Legal assistants and paralegals are two crucial positions within a law firm. Much like the cement pillars that scaffold building construction, legal assistants and paralegals are the support beams that attorneys rely on to perform optimally. 

Both positions assist with time management, research, legal support, and general administrative tasks. That said, when you’re looking for someone to help manage your schedule and assist with small administrative responsibilities, you’re really talking about a legal administrative assistant. If you want a dedicated team member performing deep dives on cases and scheduling hearings, that’s where a paralegal will step in.

Let’s explore the key differences of the legal assistant vs paralegal role, so you can hire effectively. 

Legal Assistants vs Paralegals: Defining the Two Roles

As noted above, there is overlap between these two roles. However, the specific job description and the amount of time or percentage of work dedicated to each vary. So, what is a legal assistant and a paralegal?

  • Legal assistant duties – Legal assistants may support research, case preparation, and client relationship management, but this won’t be their primary focus. Instead, they may be tasked with incoming calls, scheduling, travel arrangements, light bookkeeping, and general office administration.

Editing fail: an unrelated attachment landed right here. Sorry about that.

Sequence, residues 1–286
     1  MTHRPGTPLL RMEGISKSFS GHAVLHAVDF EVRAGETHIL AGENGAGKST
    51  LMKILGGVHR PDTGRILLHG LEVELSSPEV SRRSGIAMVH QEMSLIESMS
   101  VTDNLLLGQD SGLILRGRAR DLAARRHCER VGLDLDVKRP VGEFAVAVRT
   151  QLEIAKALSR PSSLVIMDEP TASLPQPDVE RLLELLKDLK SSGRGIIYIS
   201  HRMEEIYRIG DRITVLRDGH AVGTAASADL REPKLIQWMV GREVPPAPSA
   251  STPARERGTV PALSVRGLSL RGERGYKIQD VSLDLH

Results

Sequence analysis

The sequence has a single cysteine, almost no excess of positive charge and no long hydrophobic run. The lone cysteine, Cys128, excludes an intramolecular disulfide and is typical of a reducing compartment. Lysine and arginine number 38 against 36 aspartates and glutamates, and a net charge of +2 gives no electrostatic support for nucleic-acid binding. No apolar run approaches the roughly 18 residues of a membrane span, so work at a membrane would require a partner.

• Paralegal duties – Paralegals tend to be more involved with the legal legwork. Attorneys may ask paralegals to assist with current clients and cases, including legal research, evidence preparation, scheduling hearings, and drafting and proofreading any legal document.

Put simply, if you’re looking to fill (or find) a position that is primarily administrative, your best bet is a legal assistant. If you need support for casework and specific legal tasks, a paralegal should be top of mind.

Noteworthy Differences Between Legal Assistants and Paralegals

Beyond the basic responsibilities of each job title, there are a number of other factors that set these two roles apart, including:

  • Education requirements
  • Certifications
  • Salary expectations

#1 Education